11 co-working spaces in Dhaka

Co-working spaces are now an option considered by many entrepreneurs and businesses. For many, it is a great way to cut costs and avoid the hassle of renting a full office. Buying furniture, decorating, hiring support staff can become expensive for a startup. Many startups just need a desk and some wifi for their operations; small teams need affordable spaces with a meeting room.

Some freelancers, designers or members of remote teams want to leave the isolation of home offices, but avoid the distraction of cafes. Shared offices also give the opportunity for many to network, to share resources and contacts. 

How to decide on a space?

Location: Take into account the reality of Dhaka traffic, and consider the location when picking a co-working space. Proximity to home can save you many productive hours wasted on the road. 

Cost: Cost is a huge factor, compare different packages before deciding. Packages include space for daily, weekly, hourly, monthly use. Most co-working spaces in Dhaka offer Wi-Fi, air-conditioning, emergency backup power, an in-house multimedia system, office equipment, and kitchen facilities. The spaces significantly vary in price which affects the quality of each of these facilities.  

Does your business need a place to meet for weekly meetings? Will a desk in an open office be sufficient, or do you need to make a lot of phone calls, so a more private room is a priority? 

Decide which features are important to you and are essential for your work–do you need a projector, a studio or a training area? Make sure you choose spaces accordingly. When you decide on a package that is best suited for you, make sure you understand what exactly is included in it.  

Work Environment: Another essential part of work-life is the environment. In your first visit, check for the behaviour of the staff and of others who will share the space. You want to decide on a place where you can work comfortably and effectively. If your budget allows, look for places that are spacious, clean and well lit for maximum ease and therefore, maximum productivity.

Co+Lab Dhaka, Baridhara

Moar, Banani 11 & Dhanmondi 27

  • Address 1: Ventura Iconia, Level 3, H. 37, Road 11, Block H Banani, Dhaka, Bangladesh, +880 1733 711 297,
  • Address 2: Moar Dhanmondi 27, MIDAS Center, Level 3 Holding 05, Road 16 (New, Dhaka 1209, Bangladesh)
  • Phone: +880 1714-116110
  • e-Mail: [email protected]
  • Website: http://www.moarbd.com

Bonik coworking, Badda

  • Address: Arma Majeda Malik Tower, House No# 215 (3rd floor), Merul Badda Bir Uttam Rafiqul Islam Ave, Dhaka -1212.
  • Phone: 01811480832
  • Email: [email protected]

Shuru Campus, Badda

Regus, Crystal Palace Gulshan and UTC Centre, Panthapath

  • Address 1: Crystal Palace, Gulshan 2, Dhaka
  • Address 2: UTC Centre, Panthapath, Dhaka
  • Phone: 09611886795
  • regus.com.bd

The Business Center, Gulshan 1

Locus BD, Banani 11

  • Address: Tower 52, Level 6, Road 11, Banani, Block C (8,672.10 mi) Dhaka, Bangladesh 1213
  • Phone: +880 1701-005480
  • Website: www.locusbd.com

Hubdhaka, Mirpur 11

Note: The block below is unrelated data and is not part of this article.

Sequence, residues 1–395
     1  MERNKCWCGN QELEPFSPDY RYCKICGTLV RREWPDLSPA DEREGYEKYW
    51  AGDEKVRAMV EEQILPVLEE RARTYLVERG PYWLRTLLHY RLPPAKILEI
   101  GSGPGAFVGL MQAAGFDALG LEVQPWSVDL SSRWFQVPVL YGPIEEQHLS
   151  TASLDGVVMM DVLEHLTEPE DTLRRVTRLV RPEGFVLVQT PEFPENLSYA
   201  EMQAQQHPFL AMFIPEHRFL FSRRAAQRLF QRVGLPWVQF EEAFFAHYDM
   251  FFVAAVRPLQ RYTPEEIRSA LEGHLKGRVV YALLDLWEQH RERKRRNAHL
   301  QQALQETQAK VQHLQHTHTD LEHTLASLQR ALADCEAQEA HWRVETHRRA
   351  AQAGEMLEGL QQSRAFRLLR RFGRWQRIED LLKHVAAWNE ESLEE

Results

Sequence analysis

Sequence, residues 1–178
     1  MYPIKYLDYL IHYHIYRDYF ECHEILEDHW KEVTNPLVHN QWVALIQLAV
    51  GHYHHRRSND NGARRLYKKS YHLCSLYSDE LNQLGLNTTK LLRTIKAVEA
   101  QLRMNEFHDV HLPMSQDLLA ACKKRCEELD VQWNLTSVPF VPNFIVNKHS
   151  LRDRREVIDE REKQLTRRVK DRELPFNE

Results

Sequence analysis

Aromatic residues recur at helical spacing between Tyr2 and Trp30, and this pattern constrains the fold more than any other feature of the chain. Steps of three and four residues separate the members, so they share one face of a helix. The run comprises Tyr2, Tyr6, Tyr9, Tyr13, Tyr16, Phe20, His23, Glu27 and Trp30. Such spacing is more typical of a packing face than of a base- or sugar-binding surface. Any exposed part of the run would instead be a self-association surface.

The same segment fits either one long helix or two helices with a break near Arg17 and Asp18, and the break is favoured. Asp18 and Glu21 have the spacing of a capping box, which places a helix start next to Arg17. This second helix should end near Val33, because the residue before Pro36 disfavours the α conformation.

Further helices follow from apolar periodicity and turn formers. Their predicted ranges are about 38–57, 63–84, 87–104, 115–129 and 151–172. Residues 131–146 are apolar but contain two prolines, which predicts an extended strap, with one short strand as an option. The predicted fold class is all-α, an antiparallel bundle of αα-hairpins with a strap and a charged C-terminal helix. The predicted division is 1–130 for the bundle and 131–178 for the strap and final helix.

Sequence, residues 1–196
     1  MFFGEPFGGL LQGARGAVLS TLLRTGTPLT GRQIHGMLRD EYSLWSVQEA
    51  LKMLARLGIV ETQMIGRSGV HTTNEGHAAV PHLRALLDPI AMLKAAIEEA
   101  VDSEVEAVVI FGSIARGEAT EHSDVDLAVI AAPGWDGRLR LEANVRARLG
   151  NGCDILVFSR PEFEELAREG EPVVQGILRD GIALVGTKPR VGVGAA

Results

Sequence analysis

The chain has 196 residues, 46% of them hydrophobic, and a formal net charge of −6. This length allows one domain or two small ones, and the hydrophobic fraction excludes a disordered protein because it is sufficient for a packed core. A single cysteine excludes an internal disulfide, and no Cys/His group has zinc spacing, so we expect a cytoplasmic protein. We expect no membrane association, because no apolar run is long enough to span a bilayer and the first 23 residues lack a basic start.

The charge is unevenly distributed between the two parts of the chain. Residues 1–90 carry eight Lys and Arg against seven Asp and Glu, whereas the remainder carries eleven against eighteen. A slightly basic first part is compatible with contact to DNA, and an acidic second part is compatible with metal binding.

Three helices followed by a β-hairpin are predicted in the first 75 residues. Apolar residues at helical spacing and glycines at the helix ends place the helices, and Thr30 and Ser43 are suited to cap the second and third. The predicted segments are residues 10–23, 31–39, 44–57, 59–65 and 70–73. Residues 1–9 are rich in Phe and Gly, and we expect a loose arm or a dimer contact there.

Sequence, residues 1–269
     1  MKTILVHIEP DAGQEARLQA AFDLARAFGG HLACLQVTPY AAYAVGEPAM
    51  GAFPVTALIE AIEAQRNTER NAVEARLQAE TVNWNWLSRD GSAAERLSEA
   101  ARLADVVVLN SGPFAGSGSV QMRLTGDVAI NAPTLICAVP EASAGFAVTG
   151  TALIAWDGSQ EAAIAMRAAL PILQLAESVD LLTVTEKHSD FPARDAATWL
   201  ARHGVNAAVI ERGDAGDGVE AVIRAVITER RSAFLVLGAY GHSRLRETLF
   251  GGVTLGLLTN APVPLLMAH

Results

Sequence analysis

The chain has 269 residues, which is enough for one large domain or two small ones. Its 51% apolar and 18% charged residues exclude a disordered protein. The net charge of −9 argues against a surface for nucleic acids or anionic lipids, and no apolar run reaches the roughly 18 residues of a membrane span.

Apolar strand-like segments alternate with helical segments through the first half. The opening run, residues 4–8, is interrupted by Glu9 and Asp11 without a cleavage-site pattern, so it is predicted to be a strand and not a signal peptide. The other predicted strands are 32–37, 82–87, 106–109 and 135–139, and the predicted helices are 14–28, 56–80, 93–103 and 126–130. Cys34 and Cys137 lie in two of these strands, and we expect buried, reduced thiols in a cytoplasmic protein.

• Address: Building #7, Road #3, Section #7, Mirpur 11, Dhaka 1216 close to the Dhaka Zoo.
  • Website: http://www.hubdhaka.com/

Open Co-working, Bashundhara

  • Address: Advance Glory, 2nd Floor (South Side), Plot-15, Block-A, Bashundhara Main Road, Bashundhara R/Dhaka, Bangladesh 1229
  • +880 1716-873660
  • www.workatopen.com

JMC Shared Office, Banani 11

Toru Chayya, Banani 11

13 Co-Working Spaces in Dhaka 6

Toru Institute of Innovation has opened up their space for co-working.
Location: House-2 Road-4 Block-F, Banani 11 Dhaka, 1213
Contact [email protected] for more details!

Why does ragging exist in our universities? Answers and confessions

Cover art: Nasif Chowdhury

Over the years, ragging has become a tradition in Bangladeshi universities. Behind the facade of welcoming the new students, ragging is a notorious practice where the seniors get an excuse to harass their junior counterparts and often target them to satiate their own sadistic pleasures. For decades, ragging has been discussed and debated, but while we all have been looking for solutions, there is little effort to figure out why it is even being practised in universities to this day.

It is yet to be understood that ragging is not merely a socio-legal problem, it has a certain psychological basis too.

Just like how every crime has some sort of motive, a bully, too, has something to accomplish through the act of ragging.

Let’s take a look at some of the psychological reasons behind ragging and bullying in universities.

A sense of authority

Most bullies seem to constantly fail to establish control over their own lives. So, when they get a freshman or a junior at their command, they nurture a sense of authority that boosts their morale and put them on a high. This is more like an alternative way for them to somehow fill that huge void in their lives.

“I loved being on the campus all day because they would do anything to be on good terms with me. I’d rather stay there all day than go home, things weren’t that easy back home.”

– Anonymous

A ticket into the influential crowd